Community-minded farm family striving to make a difference
Jonathan and Katie MacLennan, who run a fourth-generation family farm in West Cape, have seen big changes on their land since first participating in the Alternative Land Use Services program (ALUS).
The MacLennan farm produces potatoes, grain and hay alongside the Big Pierre Jacques River, immediately upstream from Glenwood Pond. Each spring, locals gather at this popular angling spot for brook trout.
As an active community member and co-chair of the West Point and Area Watersheds Association, Jonathan is well aware of the environmental issues affecting water quality in the area.
“As a farmer, I want to do what I can to support my community and the environment we all share. The big challenge right across PEI is soil erosion—our soil is highly erodible, so we need to pay a lot of attention to soil conservation,” he said.
With help from ALUS, the MacLennans maintain permanent soil-conservation projects in many of their cultivated fields, such as six acres (2.5 hectares) of diversion terraces, two acres (0.85 ha) of farmable berms, and almost eight acres (3 ha) of grassed waterways. They also maintain permanent grass in five acres (2 ha) of steeply sloped land formerly in production.
Without interventions, heavy rains will cause soil to run off a sloped field and into local waterways. Each of these ALUS projects has the same goal - to produce cleaner water by preventing erosion. The projects slow, direct and filter the flow of rainwater and capture the soil before it washes away.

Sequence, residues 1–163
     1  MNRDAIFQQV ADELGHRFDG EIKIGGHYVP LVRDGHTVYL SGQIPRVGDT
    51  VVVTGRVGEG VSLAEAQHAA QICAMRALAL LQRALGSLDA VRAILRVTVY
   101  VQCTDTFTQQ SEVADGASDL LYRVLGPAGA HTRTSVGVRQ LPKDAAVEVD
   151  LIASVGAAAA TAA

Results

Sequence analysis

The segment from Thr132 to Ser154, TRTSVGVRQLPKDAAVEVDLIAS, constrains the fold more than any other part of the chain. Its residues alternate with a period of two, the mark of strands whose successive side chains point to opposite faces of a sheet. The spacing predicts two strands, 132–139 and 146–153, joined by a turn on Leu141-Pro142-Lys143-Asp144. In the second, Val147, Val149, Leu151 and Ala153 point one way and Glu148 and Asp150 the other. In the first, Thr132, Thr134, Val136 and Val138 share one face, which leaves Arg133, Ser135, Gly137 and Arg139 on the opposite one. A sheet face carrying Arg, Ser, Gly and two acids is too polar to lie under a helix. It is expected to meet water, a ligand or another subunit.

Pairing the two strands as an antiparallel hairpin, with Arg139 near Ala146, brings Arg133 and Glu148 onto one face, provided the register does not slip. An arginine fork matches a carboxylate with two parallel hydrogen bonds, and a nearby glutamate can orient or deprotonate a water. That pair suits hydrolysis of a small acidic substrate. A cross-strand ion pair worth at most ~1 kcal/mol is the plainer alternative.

In future, the MacLennans plan to do more soil-conservation work through ALUS, along with other improvements, such as sowing fall cover crops on more potato fields to tie up remaining nutrients and reduce soil erosion over the winter months.
The MacLennan family commitment to innovation might be, in fact, a family trait—Jonathan’s father, the late Laurids MacLennan, was a respected leader in the local agricultural industry. Today, Jonathan and Katie are always looking for new opportunities to improve sustainability on their farm—even renting out land for sustainable wind-generated energy.
"It's very much a work in progress," added Jonathan. "As a farmer I always think 'I can do better.' We must do better and we will do better, especially with ALUS giving us a hand."
The MacLennan family, along with other ALUS participants, is committed to do their best to produce cleaner water, cleaner air, more biodiversity, and other ecosystem services for the benefit of their watershed communities.